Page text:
From The Go-Between by L.P. Hartley. )

Your face I knew, long before your name.
You were a bird that flew,
no pen or brush could cage or tame.
Your beauty noble, wild,
like that of a deer,
who runs through the woods,
to pause, alert, by a river,
to stoop, to drink water,
ready to flee from the hunter,
declare yourself free from the enchanter,
always one leap away from his net and his game.
Your face, I saw, once, on a canvas,
and then, there it was, again.
I saw sorrow in your beauty,
tears, strain, as if you had long endeavoured
not to surrender to love’s pain.
Thought your face was idealized,
as in an angel sculpture or Mary icon,
from an artist’s cleansed and clear mind,
his vision of fair womankind.
Now I know, that face, painted on canvas,
drawn on paper, was your face,
that of a real woman,
not an ideal or vision.
My eye can see why he loved you,
wanted you as his muse, his lover,
for there is poetry in your face, your name,
Lizzie Siddal, wild bird that none could tame.
You were the daughter of a cutler,
that is, a knife maker or dealer,
and you were a milliner,
worked in Mrs Tozer’s hat shop,
just off the Old Kent Road,
in murky, foggy London,
when Victoria sat upon the throne
of Britain and the Empire,
before the wheels began to tire,
clog and melt in rusty fire.
The market place and streets you knew,
in company and alone.
It was Walter Deverell,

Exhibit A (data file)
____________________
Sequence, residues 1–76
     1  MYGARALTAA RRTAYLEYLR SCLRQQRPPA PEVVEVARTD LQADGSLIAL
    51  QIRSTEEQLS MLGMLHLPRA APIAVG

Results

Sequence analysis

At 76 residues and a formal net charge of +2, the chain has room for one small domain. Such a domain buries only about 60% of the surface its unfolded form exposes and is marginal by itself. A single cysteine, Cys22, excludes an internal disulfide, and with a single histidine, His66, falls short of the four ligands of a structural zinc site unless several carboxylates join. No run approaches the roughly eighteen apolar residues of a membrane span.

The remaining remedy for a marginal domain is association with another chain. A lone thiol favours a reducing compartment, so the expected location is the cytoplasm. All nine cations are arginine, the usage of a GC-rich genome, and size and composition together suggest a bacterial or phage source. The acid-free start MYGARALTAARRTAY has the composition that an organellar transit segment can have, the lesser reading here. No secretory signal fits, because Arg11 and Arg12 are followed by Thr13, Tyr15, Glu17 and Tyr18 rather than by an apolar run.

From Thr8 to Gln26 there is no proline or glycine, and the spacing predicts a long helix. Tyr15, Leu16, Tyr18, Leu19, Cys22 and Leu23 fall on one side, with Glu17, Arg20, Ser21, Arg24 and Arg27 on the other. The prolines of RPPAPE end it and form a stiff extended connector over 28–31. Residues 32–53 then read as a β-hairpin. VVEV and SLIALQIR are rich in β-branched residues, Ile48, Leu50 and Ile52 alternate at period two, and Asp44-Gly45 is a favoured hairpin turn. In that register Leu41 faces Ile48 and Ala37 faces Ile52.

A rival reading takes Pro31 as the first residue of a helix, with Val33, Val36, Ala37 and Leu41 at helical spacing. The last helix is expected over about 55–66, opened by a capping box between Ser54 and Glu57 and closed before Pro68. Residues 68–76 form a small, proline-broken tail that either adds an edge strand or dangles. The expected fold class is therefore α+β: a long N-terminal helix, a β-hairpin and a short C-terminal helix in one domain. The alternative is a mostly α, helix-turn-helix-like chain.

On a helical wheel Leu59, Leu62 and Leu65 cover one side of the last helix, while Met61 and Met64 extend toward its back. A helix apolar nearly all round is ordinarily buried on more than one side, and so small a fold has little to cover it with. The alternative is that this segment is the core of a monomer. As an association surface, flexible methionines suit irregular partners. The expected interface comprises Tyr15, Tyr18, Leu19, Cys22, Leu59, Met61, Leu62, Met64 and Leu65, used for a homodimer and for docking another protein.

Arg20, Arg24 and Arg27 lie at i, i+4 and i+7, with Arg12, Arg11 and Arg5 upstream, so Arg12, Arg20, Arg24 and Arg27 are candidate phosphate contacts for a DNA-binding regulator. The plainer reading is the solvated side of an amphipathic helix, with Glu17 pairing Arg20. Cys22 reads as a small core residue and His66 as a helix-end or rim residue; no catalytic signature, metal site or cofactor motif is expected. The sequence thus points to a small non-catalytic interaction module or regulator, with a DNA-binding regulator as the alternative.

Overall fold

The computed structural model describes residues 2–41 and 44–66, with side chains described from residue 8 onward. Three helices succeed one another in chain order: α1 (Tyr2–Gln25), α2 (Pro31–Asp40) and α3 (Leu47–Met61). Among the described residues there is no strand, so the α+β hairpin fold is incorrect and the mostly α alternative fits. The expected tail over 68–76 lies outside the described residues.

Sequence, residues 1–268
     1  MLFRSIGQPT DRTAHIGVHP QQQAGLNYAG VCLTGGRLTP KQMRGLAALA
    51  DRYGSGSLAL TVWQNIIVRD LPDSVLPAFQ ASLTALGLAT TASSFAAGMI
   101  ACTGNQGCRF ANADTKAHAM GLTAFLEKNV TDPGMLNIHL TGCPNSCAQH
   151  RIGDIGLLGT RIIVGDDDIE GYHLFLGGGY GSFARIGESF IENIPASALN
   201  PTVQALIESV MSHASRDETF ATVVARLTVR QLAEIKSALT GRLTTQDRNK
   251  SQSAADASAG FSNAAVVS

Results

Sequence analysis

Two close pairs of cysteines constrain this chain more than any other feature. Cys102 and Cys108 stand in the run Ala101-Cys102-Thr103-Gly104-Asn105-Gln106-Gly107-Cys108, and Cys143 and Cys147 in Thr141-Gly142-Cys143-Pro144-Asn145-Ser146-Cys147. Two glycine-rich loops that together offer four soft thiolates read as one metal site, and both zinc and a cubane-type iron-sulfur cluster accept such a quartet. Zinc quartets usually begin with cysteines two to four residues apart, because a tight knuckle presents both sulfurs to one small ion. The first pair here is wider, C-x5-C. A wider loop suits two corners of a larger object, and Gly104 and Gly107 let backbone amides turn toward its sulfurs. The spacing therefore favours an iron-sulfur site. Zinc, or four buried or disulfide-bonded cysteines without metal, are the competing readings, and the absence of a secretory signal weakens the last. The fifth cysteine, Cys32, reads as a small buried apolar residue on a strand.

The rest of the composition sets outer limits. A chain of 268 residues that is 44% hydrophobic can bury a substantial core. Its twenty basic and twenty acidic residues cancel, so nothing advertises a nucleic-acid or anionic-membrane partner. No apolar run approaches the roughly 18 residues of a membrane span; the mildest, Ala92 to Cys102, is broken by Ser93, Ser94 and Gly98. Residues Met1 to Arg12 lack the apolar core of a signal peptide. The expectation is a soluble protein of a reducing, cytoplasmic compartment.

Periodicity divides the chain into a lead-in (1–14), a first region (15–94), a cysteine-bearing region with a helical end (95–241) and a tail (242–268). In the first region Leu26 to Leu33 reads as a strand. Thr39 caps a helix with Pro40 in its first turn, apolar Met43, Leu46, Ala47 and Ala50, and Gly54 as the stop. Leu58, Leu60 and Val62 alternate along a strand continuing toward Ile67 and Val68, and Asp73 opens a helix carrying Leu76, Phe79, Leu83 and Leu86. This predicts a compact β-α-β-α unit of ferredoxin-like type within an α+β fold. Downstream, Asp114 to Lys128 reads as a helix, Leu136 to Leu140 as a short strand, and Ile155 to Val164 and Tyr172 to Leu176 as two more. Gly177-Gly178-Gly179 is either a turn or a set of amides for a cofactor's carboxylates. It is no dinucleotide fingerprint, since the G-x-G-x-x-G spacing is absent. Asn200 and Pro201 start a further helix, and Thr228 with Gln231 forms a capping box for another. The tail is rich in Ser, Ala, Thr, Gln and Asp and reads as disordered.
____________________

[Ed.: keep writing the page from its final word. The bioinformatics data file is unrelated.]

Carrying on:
a friend of Dante Gabriel Rossetti,
the Pre-Raphaelite poet, painter,
who told him he had found you,
working in your hat shop,
described you as a stunner,
said that you were tall,
your neck stately,
your brow, your face,
like the carving of a Pheidean goddess,
your hair long, a dazzling reddish copper gold,
with a shimmer, as it fell from your shoulders down.
So after he had seen you,
he asked permission of your parents,
to have you for his paintings pose,
for he knew he had found in you
a fair and rare, wild rose.
Of all the faces he saw passing by in London,
yours was the one he chose.
What draws us together, tears us apart,
but that is the leap that lovers dare.
There’s always the danger, right from the start,
but the heart knows, it is best to care.
First, John Everett Millais
lay you in a bath of cold water,
to paint you as Ophelia,
drowned with flowers in a river,
after Hamlet had scolded her,
told her to get to a nunnery,
after his discovery